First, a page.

A new rule cutting Medicare reimbursements for skilled nursing facilities may cost the state’s nursing homes $89 million this fiscal year.
“It’s devastating,” said Isabella Firth, president of LifeSpan Network, a Columbia-based provider association with 300 member senior care facilities in the mid-Atlantic.
The Centers for Medicare & Medicaid Services, which is the branch of the U.S. Department of Health and Human Services that administers Medicare and monitors Medicaid in each state, announced the new rule, which reduces reimbursements by more than 11 percent, on July 29. It will go into effect Oct. 1.
The Centers for Medicare & Medicaid Services, commonly abbreviated as CMS, annually issues new rules regarding payment. Greg Crist, vice president of public affairs for the Washington, D.C.-based American Health Care Association, said there is usually an adjustment of 1 to 2 percent. The huge increase was because the federal government believes it “overpaid by $4 billion nationally [for rehabilitation services] and they are taking it back.”
Joseph DeMattos Jr., president of nonprofit nursing home organization Health Facilities Association of Maryland, said the CMS rate cut is intended to achieve “budget neutrality” for care received in skilled nursing and rehab centers and hospitals. But, he said, the effect in Maryland is an estimated $89 million less in Medicare payments.
Put another way, the average rate cut would amount to $61 less per patient, per day, according to DeMattos. Health Facilities Association members are looking at ways to compensate for the lost revenue.
Firth called the rate cut “unprecedented — they’ve never done anything like this,” meaning a double-digit reduction. In her opinion, the move reflects CMS’s belief “that companies were taking advantage of the rehabilitation rules. The companies were not violating the law, but government officials felt they were getting more reimbursement than they should.”
But, she added, “They are penalizing the whole industry.”
The rate change affects all nursing homes and hospital-based senior care facilities that receive Medicare payments. Firth said the Medicare cut “comes on top of years of reductions on the Medicaid side that amount to millions of dollars.”
“The implications are serious for seniors, who deserve good care and deserve options,” Firth said, although seniors are not the only demographic affected by the rate change.
The new federal rule has a number of components, although the biggest and most far-reaching change to which people are paying attention is on rehabilitation and therapy services, according to Crist.
“Folks go to hospitals for whatever reasons and then need rehabilitation, which is paid through Medicare,” Firth said. “Nursing homes will often admit those types of patients.”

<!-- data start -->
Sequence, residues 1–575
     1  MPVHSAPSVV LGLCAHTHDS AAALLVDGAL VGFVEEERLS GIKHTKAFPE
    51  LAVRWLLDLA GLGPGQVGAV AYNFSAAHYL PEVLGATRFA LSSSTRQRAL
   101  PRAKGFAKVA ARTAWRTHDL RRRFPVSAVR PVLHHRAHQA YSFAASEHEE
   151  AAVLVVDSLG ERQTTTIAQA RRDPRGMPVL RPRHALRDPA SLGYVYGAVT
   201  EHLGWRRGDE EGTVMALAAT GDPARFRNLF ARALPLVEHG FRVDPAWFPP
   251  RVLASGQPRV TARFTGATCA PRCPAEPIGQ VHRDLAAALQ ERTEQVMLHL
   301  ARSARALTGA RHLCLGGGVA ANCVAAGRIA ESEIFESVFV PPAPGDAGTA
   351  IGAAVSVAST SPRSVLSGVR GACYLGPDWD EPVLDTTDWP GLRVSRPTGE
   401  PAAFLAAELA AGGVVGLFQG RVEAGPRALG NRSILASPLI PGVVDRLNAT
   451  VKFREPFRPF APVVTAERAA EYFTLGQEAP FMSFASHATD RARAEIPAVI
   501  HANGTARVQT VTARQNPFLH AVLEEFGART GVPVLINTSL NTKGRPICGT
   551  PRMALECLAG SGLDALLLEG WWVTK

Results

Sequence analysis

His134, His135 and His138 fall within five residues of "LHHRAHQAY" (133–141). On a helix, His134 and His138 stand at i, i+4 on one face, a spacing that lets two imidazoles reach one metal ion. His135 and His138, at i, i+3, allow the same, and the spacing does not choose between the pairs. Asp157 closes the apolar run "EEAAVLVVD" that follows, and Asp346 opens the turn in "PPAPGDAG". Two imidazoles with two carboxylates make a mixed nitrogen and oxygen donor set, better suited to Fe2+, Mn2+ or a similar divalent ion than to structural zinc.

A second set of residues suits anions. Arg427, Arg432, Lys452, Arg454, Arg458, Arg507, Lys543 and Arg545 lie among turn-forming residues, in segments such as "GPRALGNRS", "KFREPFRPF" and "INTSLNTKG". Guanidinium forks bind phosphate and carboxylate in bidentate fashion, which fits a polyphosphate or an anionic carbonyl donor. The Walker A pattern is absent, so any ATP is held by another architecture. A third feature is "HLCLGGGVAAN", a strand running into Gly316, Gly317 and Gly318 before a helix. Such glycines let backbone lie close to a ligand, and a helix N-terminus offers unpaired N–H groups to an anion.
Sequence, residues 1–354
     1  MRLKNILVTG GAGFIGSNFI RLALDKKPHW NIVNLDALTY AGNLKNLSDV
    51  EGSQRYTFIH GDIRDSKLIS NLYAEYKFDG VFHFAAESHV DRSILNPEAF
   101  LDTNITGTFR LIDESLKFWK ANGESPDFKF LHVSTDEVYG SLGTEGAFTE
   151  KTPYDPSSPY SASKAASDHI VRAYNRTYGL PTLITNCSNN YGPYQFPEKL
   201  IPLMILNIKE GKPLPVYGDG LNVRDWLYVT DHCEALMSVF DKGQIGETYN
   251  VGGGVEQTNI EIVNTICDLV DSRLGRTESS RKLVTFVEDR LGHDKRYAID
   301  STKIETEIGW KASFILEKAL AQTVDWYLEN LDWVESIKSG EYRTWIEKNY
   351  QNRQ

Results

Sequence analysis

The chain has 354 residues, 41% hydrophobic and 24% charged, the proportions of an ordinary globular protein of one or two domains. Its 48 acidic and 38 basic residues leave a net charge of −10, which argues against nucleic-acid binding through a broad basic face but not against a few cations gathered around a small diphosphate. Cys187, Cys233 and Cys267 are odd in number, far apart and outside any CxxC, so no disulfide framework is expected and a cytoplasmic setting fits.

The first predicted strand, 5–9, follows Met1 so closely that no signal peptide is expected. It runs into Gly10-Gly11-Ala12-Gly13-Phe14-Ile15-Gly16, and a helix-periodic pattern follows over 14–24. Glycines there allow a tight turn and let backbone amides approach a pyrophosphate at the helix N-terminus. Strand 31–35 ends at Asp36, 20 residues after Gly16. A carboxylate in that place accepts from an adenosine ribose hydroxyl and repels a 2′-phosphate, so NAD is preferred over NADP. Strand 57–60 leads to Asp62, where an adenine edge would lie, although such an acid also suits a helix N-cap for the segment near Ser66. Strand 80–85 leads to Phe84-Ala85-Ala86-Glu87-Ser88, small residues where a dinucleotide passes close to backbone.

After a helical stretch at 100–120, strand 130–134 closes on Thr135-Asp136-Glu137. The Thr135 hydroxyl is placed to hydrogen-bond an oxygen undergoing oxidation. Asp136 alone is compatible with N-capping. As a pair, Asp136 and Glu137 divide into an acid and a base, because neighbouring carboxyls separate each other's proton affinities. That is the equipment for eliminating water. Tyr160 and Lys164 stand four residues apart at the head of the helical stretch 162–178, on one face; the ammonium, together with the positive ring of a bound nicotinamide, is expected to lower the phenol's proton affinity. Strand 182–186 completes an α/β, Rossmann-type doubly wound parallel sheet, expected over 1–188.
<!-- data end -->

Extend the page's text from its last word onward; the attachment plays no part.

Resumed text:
Firth said LifeSpan Network is in the process of calculating the lost revenue for its members and looking at how they will compensate: Can they provide the same level of services and if not, what services can they afford to offer?
“They may reduce the post-acute rehabilitation services they offer” because of the Medicare cut, Firth said. “If they can’t afford to do it, they won’t do it.”
DeMattos said that those cuts could be tricky. About 70 cents of every dollar is spent on skilled nursing salaries and benefits, he said. Cuts in middle management, facilities’ operating costs and non-care related human resources may be necessary, he said.
Hospitals are not as concerned about the rate cut as nursing homes.
Jim Reiter, senior vice president of communications for the Maryland Hospital Association, said there are several hospital-run nursing homes and long-term care facilities to which the new rule applies. They have not yet run the numbers to figure out impact to members.
The Health Services Cost Review Commission oversees Maryland hospital rates. Acting Executive Director Stephen Ports said, “We regulate acute care services at hospitals, not nursing home beds. We don’t foresee an impact on acute care services at hospitals.”
The University of Maryland Medical System also does not expect to see much impact from the change. Media Relations Manager Karen Warmkessel said in an email that UMMS has a single, small nursing home on the Eastern Shore and, for the most part, does not expect to be affected.
The Medicare reimbursement rate is adjusted every year for all kinds of payments. However, the nursing home industry is concerned that this cut is more permanent.
“You could argue that this is compensation for overpayment and that things will return to normal,” Crist said. “But it could be the new base rate.”
Said Firth, “There is no doubt that nursing homes and senior care providers over the last few years have experienced significant reduction in Medicaid and Medicare, but not double digits at one time.
“This could be the front-end of even more reductions in Medicare and Medicaid,” she said.